|This page in a nutshell: If two reliable sources offer contradicting information on a subject and none of them can be demonstrated unreliable, then an article should cite both.|
Sometimes, although not often, our policy that our threshold is verifiability, not truth means that although something can only be one or another, we cannot determine which one it is. This happens, when two (or more) equally reliable sources contradict each other about certain facts.
Handling conflicting sources
In many cases, when two (or more) reliable sources conflict, one (or more) of those sources can be demonstrated to be unreliable. Additionally, in the case of subjects about which the general or academic consensus has changed, the older work should be clearly distinguished as such, and should be used primarily to show the historical development of the subject. Be aware that sometimes older works are re-published with very minor changes making their statements seem newer than they really are.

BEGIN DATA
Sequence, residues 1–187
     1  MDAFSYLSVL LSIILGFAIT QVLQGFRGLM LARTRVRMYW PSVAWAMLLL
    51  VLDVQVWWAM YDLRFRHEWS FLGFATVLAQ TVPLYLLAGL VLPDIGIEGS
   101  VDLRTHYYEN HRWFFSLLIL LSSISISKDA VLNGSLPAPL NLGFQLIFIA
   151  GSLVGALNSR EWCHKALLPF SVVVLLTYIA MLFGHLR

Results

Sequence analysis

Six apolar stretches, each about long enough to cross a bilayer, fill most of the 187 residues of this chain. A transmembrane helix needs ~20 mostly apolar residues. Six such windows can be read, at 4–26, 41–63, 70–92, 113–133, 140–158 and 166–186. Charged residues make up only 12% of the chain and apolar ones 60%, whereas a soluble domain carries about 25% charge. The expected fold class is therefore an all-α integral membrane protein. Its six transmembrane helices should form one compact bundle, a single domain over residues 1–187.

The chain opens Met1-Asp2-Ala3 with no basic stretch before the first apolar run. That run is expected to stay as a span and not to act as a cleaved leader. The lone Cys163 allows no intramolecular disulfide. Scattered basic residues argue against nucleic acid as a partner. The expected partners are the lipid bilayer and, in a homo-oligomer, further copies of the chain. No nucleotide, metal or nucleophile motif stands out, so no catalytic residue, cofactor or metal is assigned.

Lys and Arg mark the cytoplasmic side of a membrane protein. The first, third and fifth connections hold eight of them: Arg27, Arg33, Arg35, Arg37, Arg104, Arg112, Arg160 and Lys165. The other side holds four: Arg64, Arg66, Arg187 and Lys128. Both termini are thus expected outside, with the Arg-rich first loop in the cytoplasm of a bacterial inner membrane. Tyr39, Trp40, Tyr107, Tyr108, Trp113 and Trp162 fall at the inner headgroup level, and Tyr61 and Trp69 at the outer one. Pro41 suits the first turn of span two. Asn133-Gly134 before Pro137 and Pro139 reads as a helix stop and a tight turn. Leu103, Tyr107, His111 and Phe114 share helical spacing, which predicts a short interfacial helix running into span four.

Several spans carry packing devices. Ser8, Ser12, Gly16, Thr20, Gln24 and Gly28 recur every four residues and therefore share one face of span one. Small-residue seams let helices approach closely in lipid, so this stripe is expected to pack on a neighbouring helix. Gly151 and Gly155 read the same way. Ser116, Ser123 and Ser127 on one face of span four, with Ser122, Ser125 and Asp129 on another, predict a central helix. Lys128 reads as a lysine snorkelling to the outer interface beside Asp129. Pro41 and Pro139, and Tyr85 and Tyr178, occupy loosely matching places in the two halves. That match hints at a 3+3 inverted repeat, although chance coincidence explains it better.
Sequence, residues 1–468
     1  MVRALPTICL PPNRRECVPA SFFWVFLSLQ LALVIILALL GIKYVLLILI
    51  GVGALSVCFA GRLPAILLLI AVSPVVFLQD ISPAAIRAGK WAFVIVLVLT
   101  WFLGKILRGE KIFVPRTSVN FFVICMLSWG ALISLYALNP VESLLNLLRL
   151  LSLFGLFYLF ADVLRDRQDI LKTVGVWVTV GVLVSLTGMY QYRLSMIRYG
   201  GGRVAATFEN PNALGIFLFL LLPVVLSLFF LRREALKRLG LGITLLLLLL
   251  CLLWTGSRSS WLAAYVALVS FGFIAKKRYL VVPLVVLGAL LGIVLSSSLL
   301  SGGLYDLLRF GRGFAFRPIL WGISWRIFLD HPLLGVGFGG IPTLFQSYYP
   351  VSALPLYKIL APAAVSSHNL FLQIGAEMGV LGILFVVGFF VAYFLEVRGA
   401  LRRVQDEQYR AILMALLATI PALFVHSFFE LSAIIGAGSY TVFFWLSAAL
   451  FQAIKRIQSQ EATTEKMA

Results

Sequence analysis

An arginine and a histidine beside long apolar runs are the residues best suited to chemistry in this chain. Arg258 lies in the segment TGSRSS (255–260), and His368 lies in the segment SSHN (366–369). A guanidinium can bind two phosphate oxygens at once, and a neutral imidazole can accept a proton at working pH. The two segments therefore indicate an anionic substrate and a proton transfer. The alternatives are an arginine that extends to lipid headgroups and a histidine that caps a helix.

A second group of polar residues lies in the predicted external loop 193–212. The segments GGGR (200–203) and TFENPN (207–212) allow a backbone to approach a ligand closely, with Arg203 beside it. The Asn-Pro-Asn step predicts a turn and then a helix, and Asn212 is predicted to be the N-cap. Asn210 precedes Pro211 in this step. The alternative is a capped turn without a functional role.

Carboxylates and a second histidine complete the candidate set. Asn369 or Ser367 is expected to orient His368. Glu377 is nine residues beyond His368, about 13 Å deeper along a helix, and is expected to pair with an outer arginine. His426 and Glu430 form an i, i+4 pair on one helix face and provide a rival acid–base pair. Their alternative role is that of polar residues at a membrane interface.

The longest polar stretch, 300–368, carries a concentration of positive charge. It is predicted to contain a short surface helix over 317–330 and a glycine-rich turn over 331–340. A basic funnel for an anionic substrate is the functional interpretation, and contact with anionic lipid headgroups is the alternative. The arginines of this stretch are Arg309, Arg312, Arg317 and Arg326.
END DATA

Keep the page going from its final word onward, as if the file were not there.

If the conflict cannot be resolved by demonstrating the conflicting source(s) to be unreliable, in order to maintain a neutral point of view, include both. In those cases, it is up to the reader to choose which source they want to believe personally and not the task of Wikipedia editors to choose for them. Instead the article should contain a mention that different information exists.
Of course, if the matter concerning which the sources differ is of at best marginal encyclopedic interest and reporting on several views may lead to giving it undue prominence, then a reasonable approach is to omit it entirely.
How not to handle conflicting sources
- Do not remove the conflicting sources just because they contradict the current sources.
- Do not choose which one is "true" and discard the others as incorrect.
- Do not cite (the lack of) official announcements by the subject of the article or people related to it as a reason why a source is unreliable.